Republican lawmakers in several states are eyeing a change to school board election procedures to help voters distinguish between candidates in the traditionally nonpartisan elections.
School board elections are considered nonpartisan races throughout most of the country, and candidates generally eschew party labels. But as parental rights activists have pushed back against liberal school board policies nationwide, Republicans in several states are viewing party labels as a way for voters to better distinguish candidates.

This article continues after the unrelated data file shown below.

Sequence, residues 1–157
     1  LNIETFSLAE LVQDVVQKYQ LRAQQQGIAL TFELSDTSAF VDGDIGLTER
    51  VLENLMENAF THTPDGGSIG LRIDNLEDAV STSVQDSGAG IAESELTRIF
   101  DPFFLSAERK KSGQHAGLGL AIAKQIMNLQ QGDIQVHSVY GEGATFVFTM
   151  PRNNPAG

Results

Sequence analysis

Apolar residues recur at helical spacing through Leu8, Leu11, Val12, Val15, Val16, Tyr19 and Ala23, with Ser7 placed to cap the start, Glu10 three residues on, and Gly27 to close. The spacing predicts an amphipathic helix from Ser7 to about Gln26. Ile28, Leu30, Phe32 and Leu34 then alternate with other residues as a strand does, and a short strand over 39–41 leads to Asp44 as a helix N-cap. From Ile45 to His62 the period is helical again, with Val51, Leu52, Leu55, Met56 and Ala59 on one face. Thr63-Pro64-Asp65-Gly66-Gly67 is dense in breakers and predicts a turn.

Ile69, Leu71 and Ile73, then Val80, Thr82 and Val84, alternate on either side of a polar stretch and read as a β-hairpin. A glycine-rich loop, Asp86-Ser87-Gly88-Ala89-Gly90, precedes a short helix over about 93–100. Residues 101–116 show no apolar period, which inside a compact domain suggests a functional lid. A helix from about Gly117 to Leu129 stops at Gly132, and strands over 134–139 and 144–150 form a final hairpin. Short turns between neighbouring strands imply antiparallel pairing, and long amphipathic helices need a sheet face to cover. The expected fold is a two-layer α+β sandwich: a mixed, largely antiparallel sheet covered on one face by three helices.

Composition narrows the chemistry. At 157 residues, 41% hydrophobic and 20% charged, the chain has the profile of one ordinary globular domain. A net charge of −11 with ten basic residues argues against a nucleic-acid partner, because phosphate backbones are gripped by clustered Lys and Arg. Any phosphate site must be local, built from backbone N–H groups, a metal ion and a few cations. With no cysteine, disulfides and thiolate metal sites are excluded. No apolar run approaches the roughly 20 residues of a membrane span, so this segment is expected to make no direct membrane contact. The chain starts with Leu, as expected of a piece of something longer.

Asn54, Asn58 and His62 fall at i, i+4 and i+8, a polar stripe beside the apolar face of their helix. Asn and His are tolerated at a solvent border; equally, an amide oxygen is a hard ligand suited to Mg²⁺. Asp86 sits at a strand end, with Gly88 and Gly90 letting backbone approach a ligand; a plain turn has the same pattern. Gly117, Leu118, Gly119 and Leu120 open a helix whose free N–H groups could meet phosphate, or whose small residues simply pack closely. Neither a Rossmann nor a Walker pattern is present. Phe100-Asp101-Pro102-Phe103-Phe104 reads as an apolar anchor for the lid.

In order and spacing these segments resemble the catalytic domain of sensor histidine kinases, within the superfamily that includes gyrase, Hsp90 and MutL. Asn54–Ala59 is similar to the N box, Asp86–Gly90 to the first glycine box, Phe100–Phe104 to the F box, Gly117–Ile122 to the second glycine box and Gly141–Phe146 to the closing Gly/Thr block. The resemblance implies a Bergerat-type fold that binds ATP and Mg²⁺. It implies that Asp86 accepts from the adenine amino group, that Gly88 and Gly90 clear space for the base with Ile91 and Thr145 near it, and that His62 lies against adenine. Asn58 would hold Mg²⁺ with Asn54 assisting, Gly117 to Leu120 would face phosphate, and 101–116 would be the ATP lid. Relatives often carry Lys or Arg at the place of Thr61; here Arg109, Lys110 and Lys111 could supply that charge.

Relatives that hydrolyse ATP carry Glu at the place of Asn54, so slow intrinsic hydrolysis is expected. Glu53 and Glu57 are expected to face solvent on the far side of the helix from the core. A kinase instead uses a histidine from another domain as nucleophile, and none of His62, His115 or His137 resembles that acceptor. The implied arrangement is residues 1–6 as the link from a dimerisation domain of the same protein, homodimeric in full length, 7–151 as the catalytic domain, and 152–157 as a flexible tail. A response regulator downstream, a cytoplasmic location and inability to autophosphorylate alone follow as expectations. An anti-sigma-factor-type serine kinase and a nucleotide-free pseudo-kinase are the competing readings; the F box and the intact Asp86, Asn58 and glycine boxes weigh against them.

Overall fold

Tennessee reportedly passed legislation in October that allowed school board candidates in the state to list their party affiliation, while Florida, Missouri, and Arizona all have similar proposals in various stages of the legislative process.
The American Enterprise Institute’s Max Eden published an October paper calling for states to allow partisan labels and to move school board elections to “on cycle” years as off-cycle elections “deeply depress turnout and minimize genuine ‘local control’ in public education.”